Ghost Dances: the first memories
As we prepare for the final performances of Ghost Dances, we speak to one of the original Ghost Dancers, Nelson Fernandez, who performed in the original 1981 run.
What do you remember about the creation process?
Most of all, I remember the music, which at the start had been very unfamiliar in spite of the fact that I was born in Latin America. The music, coming from Chile, is extraordinary, haunting, otherworldly, and at the same time, very much rooted in the traditions of people of the continent.
Music from Ghost Dances and the Chilean Movement Nueva Cancion
I will never forget hearing the live music from the talented members of the Mercury Ensemble (as it was then called). I found it hard to believe they were able to produce such music and such sounds and to make that music their own.
I also remember watching some of my fellow dance artists in rehearsals – people like the unforgettable Frances Carty – and being moved to tears.
Chris [Bruce] felt deeply about the subject matter and this showed through in his choreography.
What was it like performing for the first time?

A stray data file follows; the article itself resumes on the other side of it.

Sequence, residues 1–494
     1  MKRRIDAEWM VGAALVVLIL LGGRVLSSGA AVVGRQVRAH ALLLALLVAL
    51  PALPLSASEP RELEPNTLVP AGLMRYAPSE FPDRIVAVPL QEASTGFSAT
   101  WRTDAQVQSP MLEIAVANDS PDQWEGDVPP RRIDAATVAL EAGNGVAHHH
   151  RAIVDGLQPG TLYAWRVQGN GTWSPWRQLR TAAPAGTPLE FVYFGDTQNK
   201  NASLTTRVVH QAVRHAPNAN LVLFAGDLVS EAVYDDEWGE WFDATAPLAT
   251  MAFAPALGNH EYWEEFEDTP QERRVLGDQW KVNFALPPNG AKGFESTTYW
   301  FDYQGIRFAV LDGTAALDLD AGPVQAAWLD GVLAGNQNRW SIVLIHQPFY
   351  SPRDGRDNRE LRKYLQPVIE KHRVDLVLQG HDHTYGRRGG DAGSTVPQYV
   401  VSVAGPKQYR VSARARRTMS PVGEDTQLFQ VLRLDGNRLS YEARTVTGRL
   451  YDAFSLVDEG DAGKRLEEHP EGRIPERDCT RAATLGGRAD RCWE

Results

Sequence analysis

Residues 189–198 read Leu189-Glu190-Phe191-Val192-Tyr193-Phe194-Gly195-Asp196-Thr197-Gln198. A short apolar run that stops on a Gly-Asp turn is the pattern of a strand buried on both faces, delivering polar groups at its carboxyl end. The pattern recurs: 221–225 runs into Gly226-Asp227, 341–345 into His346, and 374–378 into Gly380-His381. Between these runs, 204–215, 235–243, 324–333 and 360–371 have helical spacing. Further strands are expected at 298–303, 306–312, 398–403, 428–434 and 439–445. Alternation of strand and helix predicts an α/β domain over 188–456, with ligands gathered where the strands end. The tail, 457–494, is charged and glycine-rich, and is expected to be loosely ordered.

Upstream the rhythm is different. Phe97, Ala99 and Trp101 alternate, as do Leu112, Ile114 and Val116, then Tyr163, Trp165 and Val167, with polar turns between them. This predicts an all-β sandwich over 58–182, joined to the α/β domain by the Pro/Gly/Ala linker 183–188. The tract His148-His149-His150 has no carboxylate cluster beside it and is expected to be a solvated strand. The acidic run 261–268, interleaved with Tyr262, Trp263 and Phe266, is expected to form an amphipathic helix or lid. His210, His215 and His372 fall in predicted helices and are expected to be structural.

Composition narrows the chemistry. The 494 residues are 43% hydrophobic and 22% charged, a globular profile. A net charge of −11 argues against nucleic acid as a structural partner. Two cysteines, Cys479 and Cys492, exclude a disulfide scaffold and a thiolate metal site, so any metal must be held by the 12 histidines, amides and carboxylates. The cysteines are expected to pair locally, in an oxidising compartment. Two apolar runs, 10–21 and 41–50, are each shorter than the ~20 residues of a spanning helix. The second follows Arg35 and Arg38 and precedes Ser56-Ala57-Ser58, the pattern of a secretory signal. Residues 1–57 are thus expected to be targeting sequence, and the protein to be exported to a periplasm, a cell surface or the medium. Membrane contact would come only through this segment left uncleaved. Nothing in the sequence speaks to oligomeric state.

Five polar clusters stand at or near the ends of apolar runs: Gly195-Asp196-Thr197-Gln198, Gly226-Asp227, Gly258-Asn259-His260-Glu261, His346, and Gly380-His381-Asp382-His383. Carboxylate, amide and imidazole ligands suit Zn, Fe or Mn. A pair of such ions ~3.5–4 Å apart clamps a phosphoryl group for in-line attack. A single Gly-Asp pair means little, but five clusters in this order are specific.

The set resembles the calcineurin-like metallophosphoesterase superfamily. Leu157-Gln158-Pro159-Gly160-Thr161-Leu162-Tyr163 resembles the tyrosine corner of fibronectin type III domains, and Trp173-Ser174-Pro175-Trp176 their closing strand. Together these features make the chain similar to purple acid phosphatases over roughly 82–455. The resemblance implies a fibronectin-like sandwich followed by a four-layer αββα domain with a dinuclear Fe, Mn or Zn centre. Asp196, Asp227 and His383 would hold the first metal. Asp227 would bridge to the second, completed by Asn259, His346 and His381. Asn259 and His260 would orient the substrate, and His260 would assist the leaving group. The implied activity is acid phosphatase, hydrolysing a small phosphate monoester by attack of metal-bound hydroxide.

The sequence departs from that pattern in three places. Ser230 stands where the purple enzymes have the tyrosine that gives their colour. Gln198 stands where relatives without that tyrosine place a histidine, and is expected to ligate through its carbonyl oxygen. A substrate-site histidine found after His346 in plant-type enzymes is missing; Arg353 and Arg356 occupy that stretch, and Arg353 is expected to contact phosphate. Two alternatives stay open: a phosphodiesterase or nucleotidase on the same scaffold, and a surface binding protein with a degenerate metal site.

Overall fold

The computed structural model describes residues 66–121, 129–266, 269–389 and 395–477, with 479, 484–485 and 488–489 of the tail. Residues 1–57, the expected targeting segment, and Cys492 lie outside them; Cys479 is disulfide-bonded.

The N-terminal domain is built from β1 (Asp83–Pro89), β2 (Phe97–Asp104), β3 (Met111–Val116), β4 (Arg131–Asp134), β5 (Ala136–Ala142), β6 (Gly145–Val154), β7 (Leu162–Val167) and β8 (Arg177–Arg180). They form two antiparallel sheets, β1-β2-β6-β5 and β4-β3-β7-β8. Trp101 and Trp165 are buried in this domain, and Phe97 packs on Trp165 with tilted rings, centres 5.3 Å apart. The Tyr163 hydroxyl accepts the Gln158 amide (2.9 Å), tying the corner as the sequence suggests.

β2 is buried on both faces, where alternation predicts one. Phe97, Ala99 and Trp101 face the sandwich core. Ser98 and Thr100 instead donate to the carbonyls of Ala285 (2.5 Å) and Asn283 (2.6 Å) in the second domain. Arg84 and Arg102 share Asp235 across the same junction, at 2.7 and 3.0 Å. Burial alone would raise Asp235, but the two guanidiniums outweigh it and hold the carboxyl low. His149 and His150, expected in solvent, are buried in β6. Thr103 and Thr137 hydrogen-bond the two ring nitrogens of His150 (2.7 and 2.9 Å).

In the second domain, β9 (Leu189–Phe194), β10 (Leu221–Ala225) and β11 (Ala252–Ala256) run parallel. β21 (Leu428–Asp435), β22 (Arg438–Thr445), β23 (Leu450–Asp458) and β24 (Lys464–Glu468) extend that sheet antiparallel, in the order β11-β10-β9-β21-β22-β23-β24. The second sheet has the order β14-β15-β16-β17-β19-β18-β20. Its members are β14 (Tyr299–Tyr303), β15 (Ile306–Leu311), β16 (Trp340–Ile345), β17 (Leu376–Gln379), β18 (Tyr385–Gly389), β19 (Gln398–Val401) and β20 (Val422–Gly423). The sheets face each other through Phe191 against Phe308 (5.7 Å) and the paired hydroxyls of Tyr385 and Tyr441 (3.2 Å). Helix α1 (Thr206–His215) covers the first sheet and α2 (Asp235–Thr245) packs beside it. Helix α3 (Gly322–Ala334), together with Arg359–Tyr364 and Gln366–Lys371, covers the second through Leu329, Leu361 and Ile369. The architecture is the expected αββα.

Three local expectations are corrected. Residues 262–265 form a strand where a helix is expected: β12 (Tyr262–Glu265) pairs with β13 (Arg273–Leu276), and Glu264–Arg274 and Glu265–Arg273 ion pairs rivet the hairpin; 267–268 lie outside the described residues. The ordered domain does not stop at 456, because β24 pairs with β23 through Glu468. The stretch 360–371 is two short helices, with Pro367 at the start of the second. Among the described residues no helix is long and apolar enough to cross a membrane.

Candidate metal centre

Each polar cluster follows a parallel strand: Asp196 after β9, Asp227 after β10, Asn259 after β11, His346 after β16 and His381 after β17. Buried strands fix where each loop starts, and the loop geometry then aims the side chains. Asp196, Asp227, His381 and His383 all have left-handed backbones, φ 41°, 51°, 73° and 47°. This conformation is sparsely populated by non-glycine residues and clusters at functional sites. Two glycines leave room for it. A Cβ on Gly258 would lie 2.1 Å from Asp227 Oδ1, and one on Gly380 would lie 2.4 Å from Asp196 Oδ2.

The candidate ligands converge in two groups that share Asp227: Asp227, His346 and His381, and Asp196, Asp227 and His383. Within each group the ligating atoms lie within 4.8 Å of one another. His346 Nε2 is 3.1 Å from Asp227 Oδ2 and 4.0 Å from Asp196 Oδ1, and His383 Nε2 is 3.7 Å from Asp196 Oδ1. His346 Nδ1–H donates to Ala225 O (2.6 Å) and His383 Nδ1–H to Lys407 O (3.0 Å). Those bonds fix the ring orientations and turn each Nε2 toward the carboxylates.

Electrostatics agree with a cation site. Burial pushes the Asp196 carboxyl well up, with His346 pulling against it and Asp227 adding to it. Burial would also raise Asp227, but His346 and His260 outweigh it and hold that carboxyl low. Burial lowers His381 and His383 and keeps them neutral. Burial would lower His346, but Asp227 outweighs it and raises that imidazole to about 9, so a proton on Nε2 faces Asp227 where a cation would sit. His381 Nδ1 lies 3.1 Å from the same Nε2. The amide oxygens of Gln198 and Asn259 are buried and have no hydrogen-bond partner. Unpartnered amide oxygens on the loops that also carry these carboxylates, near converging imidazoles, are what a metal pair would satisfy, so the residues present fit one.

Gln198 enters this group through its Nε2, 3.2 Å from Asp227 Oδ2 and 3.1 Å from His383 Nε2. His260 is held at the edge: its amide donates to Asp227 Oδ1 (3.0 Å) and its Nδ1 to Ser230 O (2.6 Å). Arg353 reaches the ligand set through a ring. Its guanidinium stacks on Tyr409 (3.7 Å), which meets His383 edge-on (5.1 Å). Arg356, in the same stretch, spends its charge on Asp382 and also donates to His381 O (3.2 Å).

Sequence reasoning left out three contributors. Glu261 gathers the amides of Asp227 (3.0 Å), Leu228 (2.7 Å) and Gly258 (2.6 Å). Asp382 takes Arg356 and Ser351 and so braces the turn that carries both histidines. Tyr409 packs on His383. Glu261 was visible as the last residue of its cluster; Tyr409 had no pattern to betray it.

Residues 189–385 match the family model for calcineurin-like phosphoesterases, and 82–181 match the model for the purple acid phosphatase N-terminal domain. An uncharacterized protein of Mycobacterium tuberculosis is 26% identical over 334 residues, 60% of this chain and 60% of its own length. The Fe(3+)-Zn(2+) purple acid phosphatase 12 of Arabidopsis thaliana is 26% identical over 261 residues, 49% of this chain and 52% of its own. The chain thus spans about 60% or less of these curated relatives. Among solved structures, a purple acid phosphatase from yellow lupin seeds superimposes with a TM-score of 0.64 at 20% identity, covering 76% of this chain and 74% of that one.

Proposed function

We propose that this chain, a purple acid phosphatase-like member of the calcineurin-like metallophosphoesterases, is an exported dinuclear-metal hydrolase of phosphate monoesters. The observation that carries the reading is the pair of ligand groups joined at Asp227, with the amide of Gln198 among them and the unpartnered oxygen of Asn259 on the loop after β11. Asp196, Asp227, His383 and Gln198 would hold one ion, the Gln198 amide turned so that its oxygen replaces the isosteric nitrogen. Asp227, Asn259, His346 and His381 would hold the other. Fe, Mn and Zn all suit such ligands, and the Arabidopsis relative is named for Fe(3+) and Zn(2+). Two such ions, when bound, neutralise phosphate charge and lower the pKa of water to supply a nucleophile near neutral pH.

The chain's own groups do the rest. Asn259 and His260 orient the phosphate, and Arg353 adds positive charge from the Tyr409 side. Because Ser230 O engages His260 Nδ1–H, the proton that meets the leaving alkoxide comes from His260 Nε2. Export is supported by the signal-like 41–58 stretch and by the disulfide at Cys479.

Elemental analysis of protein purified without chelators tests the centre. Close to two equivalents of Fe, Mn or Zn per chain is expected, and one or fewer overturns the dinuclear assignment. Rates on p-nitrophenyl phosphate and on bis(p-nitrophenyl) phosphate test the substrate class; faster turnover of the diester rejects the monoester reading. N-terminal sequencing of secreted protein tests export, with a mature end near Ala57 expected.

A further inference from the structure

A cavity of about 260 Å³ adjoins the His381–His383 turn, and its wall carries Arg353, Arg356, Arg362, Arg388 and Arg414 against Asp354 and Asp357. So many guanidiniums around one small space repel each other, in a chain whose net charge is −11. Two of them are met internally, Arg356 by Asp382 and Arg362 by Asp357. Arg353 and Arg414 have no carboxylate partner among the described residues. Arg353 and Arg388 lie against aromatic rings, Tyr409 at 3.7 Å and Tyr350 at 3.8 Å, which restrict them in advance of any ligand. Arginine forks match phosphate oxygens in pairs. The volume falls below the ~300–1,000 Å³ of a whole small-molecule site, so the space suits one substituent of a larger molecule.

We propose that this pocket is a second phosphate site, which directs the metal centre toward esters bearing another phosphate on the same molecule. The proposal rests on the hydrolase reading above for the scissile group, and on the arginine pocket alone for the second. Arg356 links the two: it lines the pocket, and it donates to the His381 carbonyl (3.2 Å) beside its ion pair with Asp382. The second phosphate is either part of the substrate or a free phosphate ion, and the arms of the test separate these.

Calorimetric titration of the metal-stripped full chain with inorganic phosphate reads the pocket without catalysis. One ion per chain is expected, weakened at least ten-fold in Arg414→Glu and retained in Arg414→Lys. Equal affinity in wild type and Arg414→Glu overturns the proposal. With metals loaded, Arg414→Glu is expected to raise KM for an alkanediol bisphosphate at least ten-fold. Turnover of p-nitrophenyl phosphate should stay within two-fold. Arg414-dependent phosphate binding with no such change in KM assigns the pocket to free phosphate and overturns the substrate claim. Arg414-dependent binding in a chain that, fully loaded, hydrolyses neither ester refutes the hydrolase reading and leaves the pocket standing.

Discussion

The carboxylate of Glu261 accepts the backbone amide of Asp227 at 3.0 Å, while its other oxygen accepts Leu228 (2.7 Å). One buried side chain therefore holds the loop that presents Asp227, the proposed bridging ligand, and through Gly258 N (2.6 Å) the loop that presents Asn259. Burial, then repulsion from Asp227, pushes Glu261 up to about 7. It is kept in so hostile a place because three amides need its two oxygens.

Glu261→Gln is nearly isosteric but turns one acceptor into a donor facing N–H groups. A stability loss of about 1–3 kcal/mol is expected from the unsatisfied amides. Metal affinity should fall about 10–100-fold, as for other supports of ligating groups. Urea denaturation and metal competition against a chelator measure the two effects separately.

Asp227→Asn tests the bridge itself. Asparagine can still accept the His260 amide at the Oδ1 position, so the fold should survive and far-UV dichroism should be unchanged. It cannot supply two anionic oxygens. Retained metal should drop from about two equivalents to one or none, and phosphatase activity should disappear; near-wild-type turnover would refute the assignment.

I was in the second cast that performed a day or two after the premiere and it was an extraordinary experience.
It was evident from the start that this was not just another run-of-the-mill ballet but something that had an impact on both performers and audiences.
What do you think has made Ghost Dances so popular over the years?
It became clear that the work had a strong impact from the start. The movement, the mystery of the masks for the ghosts, the eerie and moving music, the extraordinary individual performances all made their contribution.
If we had a plague of injuries and you got a last minute call, do you think you could go on in your original role?
You must be joking!
Catch the final performances of Ghost Dancers at Sadler’s Wells (6-10 November) and Theatre Royal Bath (15-17 November). More info here
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